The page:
I put two adventurers but really there were three main characters in the two stories, plus lots of
other adventures with the story of the Amazon Jungle explorers some 55 years ago.
You can read here about the extraordinary but deadly adventure that Richard Mason took with a fellow named Kit Lambert who later managed the wonderful rock band The Who, apparently in their early rise to fame as Mr. Lambert died at a young age.
The Mason adventure took place decades ago, long before the next adventurer I'll talk about was born. Yet, although one was venturing through unknown jungle territory, the other ventures alone through open oceans and seas and does so not as a trust fund kid but as a regular person really living a dream.
I like reading some of the stories in the Daily Mail, although I'd complain they've gone a bit more sensational over the past several years, which to many Daily Mail readers is apparently no new thing. Even the subscription newspapers, the few left of some repute yet almost with an entirely liberal bent, do cover more of the hard news, but I like to read a variety of news sources in order to get a balanced idea of what's going on in the world.
I like a good human interest story. There is so much war and death and destruction and absolute inhumanity of all kinds that is violating millions around the world that it's nice to hear the story of someone who escaped the 9 to 5 and has actually discovered a fantastic way of life.
A young 34 year old woman named Liz Clark has been sailing solo on a Catalina 40 for much of the last 10 years, surfing in lots of exotic locales and just generally leading an enviable life for those of us who have enjoyed sailing and like beaches and fishing and the feeling of floating with the wind on a gorgeous day on the ocean or water.
Ms. Clark has some advantages. The story goes that after graduating from college and bar waitress working she meets a retired professor who gives her a Catalina 40 with the promise she'll document her travels, and he gifts this to her because he never got to live his dream of doing that and wanted someone to that shared that dream to actually do it in that boat.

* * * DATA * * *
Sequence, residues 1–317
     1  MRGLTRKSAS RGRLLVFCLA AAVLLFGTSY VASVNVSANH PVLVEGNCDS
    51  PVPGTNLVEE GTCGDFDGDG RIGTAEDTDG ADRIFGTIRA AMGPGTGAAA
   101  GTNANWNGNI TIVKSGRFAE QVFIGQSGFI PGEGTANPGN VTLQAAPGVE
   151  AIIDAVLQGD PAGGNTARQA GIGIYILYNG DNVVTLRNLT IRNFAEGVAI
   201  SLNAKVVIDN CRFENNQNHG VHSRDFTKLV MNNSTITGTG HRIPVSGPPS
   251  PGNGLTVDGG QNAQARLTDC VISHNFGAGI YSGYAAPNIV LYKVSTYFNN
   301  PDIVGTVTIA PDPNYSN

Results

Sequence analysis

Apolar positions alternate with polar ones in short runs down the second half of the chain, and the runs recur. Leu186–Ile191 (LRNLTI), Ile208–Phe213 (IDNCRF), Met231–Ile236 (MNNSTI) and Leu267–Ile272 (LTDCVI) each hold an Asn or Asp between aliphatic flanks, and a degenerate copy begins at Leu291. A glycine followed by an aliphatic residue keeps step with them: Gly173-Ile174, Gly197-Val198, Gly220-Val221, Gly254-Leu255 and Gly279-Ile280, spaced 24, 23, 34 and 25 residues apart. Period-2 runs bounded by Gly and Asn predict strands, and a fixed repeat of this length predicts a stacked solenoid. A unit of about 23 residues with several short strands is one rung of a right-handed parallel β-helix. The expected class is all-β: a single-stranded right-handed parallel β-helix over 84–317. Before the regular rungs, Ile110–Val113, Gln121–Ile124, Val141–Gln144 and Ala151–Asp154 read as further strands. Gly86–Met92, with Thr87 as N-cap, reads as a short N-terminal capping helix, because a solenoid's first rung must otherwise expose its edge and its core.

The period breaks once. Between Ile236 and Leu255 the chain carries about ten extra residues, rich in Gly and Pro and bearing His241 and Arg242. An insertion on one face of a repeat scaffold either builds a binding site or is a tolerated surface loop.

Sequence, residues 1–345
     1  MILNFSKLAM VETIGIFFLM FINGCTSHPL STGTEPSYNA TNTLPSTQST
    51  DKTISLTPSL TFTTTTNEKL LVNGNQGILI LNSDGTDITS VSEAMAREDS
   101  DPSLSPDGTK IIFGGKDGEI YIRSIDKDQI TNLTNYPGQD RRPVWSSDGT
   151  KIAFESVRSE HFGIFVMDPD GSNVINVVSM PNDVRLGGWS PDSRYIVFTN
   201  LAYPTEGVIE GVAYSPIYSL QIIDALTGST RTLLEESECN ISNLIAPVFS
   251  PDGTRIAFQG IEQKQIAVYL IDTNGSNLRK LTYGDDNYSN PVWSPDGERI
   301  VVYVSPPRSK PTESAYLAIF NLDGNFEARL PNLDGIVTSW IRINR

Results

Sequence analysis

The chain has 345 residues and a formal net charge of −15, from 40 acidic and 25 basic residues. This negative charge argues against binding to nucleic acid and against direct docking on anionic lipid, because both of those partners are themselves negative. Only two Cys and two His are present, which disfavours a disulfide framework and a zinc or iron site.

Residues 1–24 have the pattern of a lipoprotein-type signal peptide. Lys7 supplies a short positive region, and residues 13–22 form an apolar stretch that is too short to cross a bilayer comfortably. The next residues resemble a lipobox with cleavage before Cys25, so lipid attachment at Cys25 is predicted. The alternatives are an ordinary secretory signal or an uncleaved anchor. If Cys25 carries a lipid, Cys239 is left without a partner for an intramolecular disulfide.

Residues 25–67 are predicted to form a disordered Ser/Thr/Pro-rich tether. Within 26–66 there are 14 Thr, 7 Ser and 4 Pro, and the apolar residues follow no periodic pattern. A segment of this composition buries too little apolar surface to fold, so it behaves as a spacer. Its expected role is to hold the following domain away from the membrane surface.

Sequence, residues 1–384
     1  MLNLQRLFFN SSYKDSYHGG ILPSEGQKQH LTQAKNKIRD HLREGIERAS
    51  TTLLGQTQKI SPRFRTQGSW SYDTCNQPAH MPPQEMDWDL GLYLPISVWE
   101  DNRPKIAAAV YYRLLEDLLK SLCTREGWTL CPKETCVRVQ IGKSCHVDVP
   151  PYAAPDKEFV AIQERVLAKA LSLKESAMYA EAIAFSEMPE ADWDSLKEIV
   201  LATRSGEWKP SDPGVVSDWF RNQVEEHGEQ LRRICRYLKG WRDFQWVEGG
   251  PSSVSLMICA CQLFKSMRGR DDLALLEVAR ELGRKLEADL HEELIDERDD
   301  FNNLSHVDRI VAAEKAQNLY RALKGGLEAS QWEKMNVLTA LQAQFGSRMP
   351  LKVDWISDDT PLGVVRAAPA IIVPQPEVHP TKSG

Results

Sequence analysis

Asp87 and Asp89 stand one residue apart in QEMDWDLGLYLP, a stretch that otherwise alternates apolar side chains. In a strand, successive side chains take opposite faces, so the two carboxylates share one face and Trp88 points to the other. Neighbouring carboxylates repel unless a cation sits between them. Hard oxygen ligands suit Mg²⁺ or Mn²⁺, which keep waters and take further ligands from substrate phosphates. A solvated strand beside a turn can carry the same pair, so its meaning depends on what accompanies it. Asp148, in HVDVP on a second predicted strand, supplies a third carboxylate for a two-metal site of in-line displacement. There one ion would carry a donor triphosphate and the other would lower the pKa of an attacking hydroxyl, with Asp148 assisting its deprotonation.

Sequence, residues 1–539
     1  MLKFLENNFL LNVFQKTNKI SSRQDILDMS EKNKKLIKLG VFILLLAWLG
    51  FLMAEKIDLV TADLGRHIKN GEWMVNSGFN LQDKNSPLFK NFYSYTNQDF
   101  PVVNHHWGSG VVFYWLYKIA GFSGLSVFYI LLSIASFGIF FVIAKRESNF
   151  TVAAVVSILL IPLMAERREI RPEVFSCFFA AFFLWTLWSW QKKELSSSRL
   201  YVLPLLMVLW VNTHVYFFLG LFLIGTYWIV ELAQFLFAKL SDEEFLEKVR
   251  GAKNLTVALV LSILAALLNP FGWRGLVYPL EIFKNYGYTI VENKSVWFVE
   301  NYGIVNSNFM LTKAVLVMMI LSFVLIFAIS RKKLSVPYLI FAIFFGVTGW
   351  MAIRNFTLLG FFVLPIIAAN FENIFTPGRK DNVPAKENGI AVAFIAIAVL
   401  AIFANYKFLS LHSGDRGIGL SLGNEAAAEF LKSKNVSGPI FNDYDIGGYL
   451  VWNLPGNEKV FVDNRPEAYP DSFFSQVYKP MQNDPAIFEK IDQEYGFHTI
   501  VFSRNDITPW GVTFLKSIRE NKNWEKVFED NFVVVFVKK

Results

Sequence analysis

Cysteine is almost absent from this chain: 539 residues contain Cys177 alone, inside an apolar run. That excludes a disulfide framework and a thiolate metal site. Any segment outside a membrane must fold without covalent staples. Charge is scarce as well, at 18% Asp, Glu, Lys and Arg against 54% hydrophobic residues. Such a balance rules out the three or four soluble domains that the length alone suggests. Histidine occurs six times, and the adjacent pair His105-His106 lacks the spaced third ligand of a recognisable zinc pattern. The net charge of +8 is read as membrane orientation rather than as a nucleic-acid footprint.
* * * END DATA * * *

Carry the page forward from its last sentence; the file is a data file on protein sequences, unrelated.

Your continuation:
What a great man. Apparently she's been at it off and on, doing about 25,000 miles since 2005. She takes time off, and apparently on one trip home to California a few years ago she broke her neck surfing, after already sailing thousands of miles around the world solo with no similar injuries. And apparently she got right back on that horse, so to speak, and has been back world traveling via her boat and surfing like nobody's business all over the globe.
So I don't say, what a strong woman, no, I say what a strong person. Man or woman, I don't care who you are, that's an impressive accomplishment SOLO for that many years. Dangerous. Scary. Mother Nature can be very nasty, and trust me on this, a 40 sailboat is but a mere speck on the water thousands of miles from land in any direction. Ballsy, at the very least.
Feel free to google her. There's several articles from other mags and on the Patagonia website, one of her sponsors. She has all the facebook and instagram and other pages but I didn't look at them. She does have a great blog I want to look at some time.
And the kind of guy I am, and how I earned the moniker I use here on this blog, namely El Fishing Musician a/k/a El Fishing Musicano, being an inveterate fisherman.
One of the pics in the article linked above shows her with a huge fish she caught.
I see she's all into surfing and more power to her but I'm into fishing as much as she is into surfing and I could just imagine the fun of fishing for all kinds of fish, both saltwater with the added bonus of some jungle freshwater fish at some of the places visited.